Back in the Autumn of 2011, Austin’s Easy Tiger released a two track single featuring well-constructed, Posies influenced alt-pop. Literally weeks later, they returned with a new drummer and this four track EP of songs named after girls. Although this second release has a slightly lighter tone at times, the better songs retain the spark of those prior recordings.
Following his performances at both the Reading and Leeds Festivals over August bank holiday weekend 2013, folk-punk troubadour Frank Turner has announced he will headline a short run of arena dates early in 2014.
As part of the ongoing promotion of Turner’s 2013 release ‘Tape Deck Heart’, fans can catch him at the following dates:
Bringing together the talents of Robbie LeBlanc (Blanc Faces), Daniel Palmquist (Xorigin) and noted session drummer/engineer Daniel Flores, Find Me is a project with strong foundations. With a selection of songs written by Frontiers Records in-house regulars Allesandro Del Vecchio and Tom Wilson and contributions from Issa and Erik Mårtensson, the whole package is designed to be the AOR fans dream. Usually when such big ambitions are chased such projects falter, but almost everything about Find Me works excellently.
This second EP from Manchester-based Duke and the Darlings was recorded live in the studio and its relative rawness gives the material a natural energy and edginess. After recovering from the initial shock of something sounding like a blown speaker, there are four well played numbers waiting to be discovered from beneath the general fuzziness.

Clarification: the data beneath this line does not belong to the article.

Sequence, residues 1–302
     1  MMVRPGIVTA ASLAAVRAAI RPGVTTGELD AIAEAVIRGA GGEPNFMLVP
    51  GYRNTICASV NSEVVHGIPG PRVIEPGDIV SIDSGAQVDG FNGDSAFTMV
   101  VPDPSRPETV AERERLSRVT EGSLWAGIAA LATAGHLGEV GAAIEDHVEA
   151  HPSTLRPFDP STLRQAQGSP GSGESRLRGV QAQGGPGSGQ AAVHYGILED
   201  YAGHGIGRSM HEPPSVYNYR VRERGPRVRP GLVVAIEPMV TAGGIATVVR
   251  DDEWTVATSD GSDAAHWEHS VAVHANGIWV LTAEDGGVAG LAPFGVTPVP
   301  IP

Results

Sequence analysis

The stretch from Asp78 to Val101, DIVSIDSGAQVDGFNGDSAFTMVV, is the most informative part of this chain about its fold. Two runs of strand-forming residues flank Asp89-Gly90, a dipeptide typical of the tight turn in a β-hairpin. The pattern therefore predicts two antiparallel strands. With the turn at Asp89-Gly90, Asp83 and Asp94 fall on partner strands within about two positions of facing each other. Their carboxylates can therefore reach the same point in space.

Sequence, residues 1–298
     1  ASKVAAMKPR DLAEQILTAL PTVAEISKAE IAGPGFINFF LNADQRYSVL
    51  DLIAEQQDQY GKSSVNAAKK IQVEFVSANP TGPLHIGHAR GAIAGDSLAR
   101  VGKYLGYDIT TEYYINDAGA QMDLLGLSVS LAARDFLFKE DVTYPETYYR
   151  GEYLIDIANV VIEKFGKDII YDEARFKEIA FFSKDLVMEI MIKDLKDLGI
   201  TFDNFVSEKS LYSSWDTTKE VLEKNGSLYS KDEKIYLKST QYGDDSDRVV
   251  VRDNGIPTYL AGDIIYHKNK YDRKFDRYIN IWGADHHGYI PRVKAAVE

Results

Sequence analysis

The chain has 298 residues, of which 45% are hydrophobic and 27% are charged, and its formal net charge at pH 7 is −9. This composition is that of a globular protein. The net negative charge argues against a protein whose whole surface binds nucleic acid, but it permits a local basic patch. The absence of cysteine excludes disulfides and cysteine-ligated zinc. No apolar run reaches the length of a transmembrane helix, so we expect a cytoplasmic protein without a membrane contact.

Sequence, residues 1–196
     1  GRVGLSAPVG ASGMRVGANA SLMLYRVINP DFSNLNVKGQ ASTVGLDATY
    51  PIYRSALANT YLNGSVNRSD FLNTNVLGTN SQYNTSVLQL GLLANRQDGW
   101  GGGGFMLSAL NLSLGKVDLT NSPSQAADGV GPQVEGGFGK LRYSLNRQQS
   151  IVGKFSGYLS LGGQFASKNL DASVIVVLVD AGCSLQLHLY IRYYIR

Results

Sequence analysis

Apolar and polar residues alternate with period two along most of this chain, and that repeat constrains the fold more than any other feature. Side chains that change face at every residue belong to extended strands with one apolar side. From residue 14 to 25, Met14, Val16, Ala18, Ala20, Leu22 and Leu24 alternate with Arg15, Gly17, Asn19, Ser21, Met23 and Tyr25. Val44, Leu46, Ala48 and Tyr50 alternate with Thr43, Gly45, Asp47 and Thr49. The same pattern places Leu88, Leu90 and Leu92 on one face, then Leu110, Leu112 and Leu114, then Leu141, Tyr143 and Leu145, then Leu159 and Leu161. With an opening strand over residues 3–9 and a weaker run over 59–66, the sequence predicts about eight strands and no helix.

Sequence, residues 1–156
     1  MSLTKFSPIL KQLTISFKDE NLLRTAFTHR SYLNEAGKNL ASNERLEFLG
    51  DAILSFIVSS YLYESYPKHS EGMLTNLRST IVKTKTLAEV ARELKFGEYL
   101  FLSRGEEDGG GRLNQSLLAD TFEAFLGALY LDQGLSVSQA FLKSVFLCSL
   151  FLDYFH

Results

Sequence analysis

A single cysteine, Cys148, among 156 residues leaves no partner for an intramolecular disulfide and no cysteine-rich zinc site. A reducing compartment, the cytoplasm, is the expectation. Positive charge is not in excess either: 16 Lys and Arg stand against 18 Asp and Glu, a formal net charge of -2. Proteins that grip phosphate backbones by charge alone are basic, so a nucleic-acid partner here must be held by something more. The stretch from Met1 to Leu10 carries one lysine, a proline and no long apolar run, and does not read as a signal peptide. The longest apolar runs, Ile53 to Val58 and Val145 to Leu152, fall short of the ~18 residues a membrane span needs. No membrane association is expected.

Following an intro that’s very horror-esque with its use of haunting keyboards, marching drums and synth strings, Reading based metallers Her Dying Regret launch into ‘Ashes’ – the first full track from their second release – …and the gloves are off. With thrashing twin lead guitars and a guttural roar, the band tears into an undeniably great slice of metalcore. The drums pound relentlessly against a downtuned guitar, topped by a duel vocal of Trivium inspired throatiness and Dani Filth-esque screech. At the point where it feels as if something will burst, the chorus crashes through with a clean vocal and a very strong melody. At this point, there’s no doubt that these guys are good players. Although in a very similar style, the EP’s lead track – and title cut – ‘Legacy’ pulls all of HDR’s best features together, making the best choice for promoting the release. The melodic chorus – delivered by “clean vocalist” Tom Melville – is among the EP’s best, while the gruff voices – courtesy of Scott London – just teeter on the good side of threatening. With riffs strongly inspired by classic Killswitch Engage and early Shadows Fall, this is solid stuff indeed. The twin guitars of Craig Meyer and Dan Osbourne are stellar throughout in their downtuned approach, but it’s Osbourne’s melodic edge that really catches the ear midway. Following a brief interlude of sweeping notes, as he launches into a brief, yet sharp and clean solo, his playing is reminiscent of something more in keeping with progressive metal.